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Miss Manners: Can I poke them if they sleep during my son’s performance?

Miss Manners: Can I poke them if they sleep during my son’s performance?

DEAR MISS MANNERS: My elderly parents are traveling a great distance to see their adult grandson perform live, a leading role for a significant production. My issue: They will both most assuredly fall asleep during (perhaps before) the performance.

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Past history assures it may either be a quiet catnap or it may be a full-on snore-fest, but it’s quite certain they will see neither the production nor their grandson.

This isn’t a simple “Sunday sermon snooze.” They are driving two days, each way, to arrive at this performance (that they will sleep through). The drive is not the cause; they are equally adept at sleeping through any local show.

It’s really offensive (to me) to have them sleep through live events in general, and this will be more offensive, as it is my son’s show. Should I just sit well away from them and ignore their behavior, or sit close and actively prod them throughout the show to stay awake and actually see it?

GENTLE READER: This is a lot of resentment for a crime that has not yet been committed. And for an event for which the would-be criminals are taking great pains to attend.

But you know your parents better than Miss Manners and have presumably investigated whether this is a health issue. If plying them with pots of coffee does not keep them awake, she recommends sitting away from them — so that at least they can politely feign having seen the performance without your knowing otherwise.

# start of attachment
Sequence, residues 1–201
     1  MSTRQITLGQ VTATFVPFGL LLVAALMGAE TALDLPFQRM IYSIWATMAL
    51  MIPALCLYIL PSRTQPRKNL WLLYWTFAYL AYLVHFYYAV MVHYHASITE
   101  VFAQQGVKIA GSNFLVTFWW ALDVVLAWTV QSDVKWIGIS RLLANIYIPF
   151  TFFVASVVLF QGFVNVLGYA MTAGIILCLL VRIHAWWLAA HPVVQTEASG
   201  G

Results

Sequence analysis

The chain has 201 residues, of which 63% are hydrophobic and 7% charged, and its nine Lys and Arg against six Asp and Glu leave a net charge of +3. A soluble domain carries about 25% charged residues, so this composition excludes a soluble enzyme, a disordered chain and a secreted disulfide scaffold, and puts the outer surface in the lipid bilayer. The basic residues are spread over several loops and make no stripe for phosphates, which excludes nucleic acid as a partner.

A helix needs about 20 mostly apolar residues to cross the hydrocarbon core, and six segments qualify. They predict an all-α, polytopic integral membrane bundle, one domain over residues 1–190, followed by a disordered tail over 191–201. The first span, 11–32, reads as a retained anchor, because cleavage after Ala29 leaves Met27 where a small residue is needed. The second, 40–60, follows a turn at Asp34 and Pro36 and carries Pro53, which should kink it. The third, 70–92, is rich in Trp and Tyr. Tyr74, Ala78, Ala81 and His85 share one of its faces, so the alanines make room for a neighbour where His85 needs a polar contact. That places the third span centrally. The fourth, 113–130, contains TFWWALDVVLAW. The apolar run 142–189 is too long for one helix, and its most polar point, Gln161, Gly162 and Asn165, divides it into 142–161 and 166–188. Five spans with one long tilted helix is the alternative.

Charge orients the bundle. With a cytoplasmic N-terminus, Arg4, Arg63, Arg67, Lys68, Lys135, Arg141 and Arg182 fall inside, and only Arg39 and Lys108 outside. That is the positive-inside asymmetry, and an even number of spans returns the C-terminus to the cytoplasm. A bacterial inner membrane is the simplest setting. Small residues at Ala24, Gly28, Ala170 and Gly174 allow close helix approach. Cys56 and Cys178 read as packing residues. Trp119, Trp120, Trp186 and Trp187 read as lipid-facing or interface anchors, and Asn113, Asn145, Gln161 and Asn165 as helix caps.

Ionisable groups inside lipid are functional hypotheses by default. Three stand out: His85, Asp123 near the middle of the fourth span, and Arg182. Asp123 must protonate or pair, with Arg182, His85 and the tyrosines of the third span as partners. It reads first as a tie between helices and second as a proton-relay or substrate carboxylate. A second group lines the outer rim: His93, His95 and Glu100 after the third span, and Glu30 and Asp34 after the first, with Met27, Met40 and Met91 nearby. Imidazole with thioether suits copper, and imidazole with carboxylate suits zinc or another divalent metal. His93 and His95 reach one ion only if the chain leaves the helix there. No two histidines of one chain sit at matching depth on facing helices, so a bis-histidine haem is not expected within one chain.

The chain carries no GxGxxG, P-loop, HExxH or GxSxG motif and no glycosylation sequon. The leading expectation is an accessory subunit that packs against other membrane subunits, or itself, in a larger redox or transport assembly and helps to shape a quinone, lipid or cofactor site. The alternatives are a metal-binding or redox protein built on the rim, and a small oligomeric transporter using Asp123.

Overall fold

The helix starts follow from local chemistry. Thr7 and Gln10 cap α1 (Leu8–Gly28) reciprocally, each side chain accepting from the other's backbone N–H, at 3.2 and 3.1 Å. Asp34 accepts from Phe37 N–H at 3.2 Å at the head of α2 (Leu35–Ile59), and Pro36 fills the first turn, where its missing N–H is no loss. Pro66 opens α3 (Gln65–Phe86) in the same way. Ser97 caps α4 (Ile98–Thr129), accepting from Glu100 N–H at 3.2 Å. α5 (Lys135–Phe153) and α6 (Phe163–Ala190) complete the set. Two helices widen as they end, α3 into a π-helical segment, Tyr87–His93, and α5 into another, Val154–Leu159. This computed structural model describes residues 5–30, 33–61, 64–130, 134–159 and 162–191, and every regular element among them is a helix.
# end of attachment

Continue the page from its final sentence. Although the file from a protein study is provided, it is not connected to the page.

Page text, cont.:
DEAR MISS MANNERS: Lately I have noticed so many people who start a sentence or question with the word “So”.

I find this to be up there with “you know” and “I mean”. Am I wrong in when I find this incredibly annoying?

GENTLE READER: Yet Miss Manners notices you are not so picky about grammar or punctuation. She therefore suggests that you do your level best to hide your annoyance — lest it be turned around on you.

DEAR MISS MANNERS: This concerns the passing of a disliked food item to a partner in a public setting.

We all seem to agree that dining etiquette in one’s private home differs from that in a public setting, be it at a restaurant or dinner at another’s home.

I happen to dislike raw tomato slices or wedges, most often used in salads. I agree with the comedian George Carlin, who described them as something that is “not done yet.” This is not an allergy, but simply a dislike of both the texture and flavor.

At home, I can easily avoid them altogether. When dining at a restaurant, I often will simply pass them to my spouse, who happens to love them.

However, when seated beside or across from one’s spouse as a guest at a dinner party, is it best to push them aside, leaving them on my own plate, and thus wasting them? Or is it ever acceptable to pass them to my spouse, who may be drooling at the sight of them, abandoned there on my salad plate, and thus not waste the food?

GENTLE READER: “Oh, honey, you have to taste these tomatoes!” And then hand over one or two for your spouse to “try.”

More than that, and Miss Manners feels certain the other guests will start to catch on that they have their own tomatoes.

Please send your questions to Miss Manners at her website, www.missmanners.com; to her email, dearmissmanners@gmail.com; or through postal mail to Miss Manners, Andrews McMeel Syndication, 1130 Walnut St., Kansas City, MO 64106.

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